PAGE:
Families seek Belgrade-Pristina cooperation

Pristina, 28 April 2017: ICMP presented its third Kosovo Stocktaking Report this morning at a press conference in Pristina. The previous Stocktaking Reports were published in 2005 and 2010. The report provides a detailed account of progress in accounting for those who went missing during the conflict, together with recommendations on how more progress can be made.

In the 17 years since the end of the conflict, more than 6,000 cases of human remains have been recovered on the territory of Kosovo, and almost 900 on the territory of Serbia. Since 2002, more than 2,500 missing persons cases have been resolved through the use of effective forensic work, including DNA testing. Approximately 2,000 cases were identified by traditional methods, including visual identifications prior to 2002. Today, the number of missing persons is estimated to be over 1,600 persons.

Survivors and families of the missing “stand together in demanding that all cases of missing persons are properly investigated and that answers are given to the almost 10,000 surviving families who still have no information on the fate and circumstances of the disappearance of their missing loved ones,” the Head of ICMP’s Western Balkans Program, Mathew Holliday, said during today’s presentation. He said it was critical that the authorities in Belgrade and Pristina “find more robust avenues for cooperation and for resolving the remaining cases and that they are committed to securing the rights of the families of the missing to truth, justice and reparations, regardless of their ethnic, religious or national origin, or the role of the missing person during the conflict.”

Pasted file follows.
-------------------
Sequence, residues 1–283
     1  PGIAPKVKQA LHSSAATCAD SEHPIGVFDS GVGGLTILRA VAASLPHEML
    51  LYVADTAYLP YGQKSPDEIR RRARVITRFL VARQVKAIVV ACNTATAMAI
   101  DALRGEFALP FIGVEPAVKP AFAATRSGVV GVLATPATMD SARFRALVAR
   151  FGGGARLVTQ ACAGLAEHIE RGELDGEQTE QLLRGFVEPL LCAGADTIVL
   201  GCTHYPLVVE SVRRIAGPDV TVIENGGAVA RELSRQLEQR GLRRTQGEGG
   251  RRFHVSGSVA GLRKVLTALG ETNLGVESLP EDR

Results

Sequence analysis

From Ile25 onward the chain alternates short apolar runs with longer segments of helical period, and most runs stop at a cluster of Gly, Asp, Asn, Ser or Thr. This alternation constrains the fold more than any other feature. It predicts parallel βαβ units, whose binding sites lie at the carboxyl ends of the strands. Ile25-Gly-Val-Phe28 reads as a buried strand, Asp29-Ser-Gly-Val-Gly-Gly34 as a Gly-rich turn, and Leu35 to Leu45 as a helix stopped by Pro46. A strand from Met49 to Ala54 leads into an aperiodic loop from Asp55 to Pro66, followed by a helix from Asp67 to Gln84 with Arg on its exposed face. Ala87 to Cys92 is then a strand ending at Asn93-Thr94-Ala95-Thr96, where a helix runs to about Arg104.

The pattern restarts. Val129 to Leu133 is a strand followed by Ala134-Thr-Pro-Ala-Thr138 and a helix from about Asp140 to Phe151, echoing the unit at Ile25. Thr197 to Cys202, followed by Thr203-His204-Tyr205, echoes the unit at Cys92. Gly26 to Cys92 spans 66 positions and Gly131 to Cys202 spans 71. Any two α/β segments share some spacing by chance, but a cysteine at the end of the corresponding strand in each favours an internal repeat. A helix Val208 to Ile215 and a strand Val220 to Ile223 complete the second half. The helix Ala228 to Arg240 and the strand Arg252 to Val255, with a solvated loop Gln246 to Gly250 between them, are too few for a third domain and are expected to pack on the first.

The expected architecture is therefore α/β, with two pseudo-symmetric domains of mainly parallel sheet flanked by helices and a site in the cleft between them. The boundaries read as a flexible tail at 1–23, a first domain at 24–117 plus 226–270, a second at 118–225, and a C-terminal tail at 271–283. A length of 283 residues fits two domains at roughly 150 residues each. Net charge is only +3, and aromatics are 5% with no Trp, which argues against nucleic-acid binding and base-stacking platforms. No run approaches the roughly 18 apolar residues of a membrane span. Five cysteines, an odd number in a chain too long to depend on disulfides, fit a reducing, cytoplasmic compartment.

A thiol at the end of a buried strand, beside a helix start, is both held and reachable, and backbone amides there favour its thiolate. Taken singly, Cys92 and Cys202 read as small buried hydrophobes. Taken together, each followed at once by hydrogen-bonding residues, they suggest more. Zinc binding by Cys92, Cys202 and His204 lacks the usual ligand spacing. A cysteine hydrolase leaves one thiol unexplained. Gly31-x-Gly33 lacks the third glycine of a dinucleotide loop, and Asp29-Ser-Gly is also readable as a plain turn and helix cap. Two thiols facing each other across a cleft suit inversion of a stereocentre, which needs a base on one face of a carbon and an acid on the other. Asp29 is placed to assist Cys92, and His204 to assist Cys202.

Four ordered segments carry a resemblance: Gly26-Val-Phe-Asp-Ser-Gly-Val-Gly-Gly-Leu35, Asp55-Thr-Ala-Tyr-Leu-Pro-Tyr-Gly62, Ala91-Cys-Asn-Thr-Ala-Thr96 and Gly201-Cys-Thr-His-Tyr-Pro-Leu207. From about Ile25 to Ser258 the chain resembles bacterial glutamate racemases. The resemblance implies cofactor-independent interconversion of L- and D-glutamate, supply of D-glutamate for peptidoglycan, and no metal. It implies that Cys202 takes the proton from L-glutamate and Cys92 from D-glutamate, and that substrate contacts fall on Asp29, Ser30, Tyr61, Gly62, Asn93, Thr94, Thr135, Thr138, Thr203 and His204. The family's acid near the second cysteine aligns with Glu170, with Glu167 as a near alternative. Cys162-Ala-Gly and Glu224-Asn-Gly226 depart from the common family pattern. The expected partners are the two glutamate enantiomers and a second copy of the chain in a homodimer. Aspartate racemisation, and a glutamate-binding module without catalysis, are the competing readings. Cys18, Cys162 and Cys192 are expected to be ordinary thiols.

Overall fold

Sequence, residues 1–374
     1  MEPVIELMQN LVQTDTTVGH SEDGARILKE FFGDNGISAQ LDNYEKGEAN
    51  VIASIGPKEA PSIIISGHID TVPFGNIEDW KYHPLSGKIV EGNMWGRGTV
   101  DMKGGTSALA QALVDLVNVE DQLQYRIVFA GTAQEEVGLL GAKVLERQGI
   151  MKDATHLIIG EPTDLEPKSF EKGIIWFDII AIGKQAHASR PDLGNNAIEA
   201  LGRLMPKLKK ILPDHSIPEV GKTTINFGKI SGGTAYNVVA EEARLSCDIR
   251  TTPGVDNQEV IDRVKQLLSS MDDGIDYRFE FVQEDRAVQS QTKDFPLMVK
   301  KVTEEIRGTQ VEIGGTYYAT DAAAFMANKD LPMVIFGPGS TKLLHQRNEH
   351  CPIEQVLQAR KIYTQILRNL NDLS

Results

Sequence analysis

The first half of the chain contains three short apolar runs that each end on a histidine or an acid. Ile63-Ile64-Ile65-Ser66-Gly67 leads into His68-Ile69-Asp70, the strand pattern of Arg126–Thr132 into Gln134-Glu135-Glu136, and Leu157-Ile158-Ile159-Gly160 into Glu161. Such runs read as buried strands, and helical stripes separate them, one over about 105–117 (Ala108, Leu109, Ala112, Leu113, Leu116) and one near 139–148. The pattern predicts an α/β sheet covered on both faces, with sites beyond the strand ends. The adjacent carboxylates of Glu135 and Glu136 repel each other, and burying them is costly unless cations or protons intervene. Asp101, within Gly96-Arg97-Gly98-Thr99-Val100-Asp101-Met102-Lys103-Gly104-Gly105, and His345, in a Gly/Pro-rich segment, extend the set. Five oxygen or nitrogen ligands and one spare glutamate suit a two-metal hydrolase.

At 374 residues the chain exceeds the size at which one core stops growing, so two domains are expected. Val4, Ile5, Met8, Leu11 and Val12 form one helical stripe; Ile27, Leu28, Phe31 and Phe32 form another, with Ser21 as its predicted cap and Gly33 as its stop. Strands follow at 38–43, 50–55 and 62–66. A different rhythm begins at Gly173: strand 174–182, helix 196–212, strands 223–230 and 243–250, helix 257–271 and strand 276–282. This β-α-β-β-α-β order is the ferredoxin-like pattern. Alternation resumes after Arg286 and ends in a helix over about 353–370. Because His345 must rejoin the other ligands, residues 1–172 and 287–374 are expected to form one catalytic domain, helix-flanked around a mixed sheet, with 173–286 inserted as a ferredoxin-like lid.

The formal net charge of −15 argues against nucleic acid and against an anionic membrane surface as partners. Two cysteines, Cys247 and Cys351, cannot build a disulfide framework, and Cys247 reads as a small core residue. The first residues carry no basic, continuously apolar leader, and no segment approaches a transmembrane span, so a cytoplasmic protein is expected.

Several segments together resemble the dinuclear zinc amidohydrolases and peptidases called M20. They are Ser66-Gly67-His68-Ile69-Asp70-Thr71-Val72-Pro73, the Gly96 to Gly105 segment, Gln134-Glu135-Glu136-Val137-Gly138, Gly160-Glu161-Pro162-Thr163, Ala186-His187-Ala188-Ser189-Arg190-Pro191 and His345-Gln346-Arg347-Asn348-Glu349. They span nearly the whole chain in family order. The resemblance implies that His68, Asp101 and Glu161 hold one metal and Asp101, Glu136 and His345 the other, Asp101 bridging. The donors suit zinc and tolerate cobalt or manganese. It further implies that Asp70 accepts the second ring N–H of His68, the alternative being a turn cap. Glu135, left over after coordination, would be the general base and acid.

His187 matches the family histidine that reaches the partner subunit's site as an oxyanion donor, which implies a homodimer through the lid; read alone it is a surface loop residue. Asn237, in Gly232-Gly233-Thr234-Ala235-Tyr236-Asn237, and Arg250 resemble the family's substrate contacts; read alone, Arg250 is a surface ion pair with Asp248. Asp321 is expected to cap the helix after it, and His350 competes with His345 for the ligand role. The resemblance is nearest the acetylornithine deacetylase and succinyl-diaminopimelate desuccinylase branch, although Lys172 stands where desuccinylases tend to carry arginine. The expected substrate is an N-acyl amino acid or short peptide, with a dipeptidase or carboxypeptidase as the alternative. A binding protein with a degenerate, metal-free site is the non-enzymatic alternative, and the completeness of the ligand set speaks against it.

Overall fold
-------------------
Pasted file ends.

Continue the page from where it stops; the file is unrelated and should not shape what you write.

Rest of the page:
One of the challenges that must be addressed, Holliday said, is to resolve the issue of up to 400 sets of unidentified remains in Pristina Mortuary, which may be the result of mis-identifications in 1999 and 2000, before DNA testing was introduced as the primary means of human identification.

The collection of additional genetic reference samples from family members who identified their missing through traditional means, i.e. without the assistance of DNA, may make it possible to resolve a substantial number of cases in Pristina Mortuary and provide explicit direction to target and address mis-identifications, Holliday said.

ICMP’s engagement in Kosovo began in 1999 and focused on building domestic capacity to account for missing persons in a reliable manner. It has focused on ensuring that transparency and human rights standards are fully applied, and it has helped to create and strengthen domestic institutions that have been responsible for the issue of missing persons in both Serbia and Kosovo. ICMP has supported efforts to improve dialogue between Belgrade and Pristina and has worked to promote the capacity of the Kosovo Commission on Missing Persons since it was established in 2006. In parallel, it has strengthened the engagement of families of missing persons as a key element in the process, helping them to access their rights and hold the authorities to account. Since 2001, ICMP has also provided technical assistance to the Government of Serbia in locating, recovering and identifying persons missing from the Kosovo conflict. In 2003, ICMP signed an agreement with UNMIK to assist with DNA-based identifications and since December 2008 ICMP has assisted the European Union Rule of Law Mission (EULEX) with the provision of DNA testing and matching for the purposes of identification of missing persons.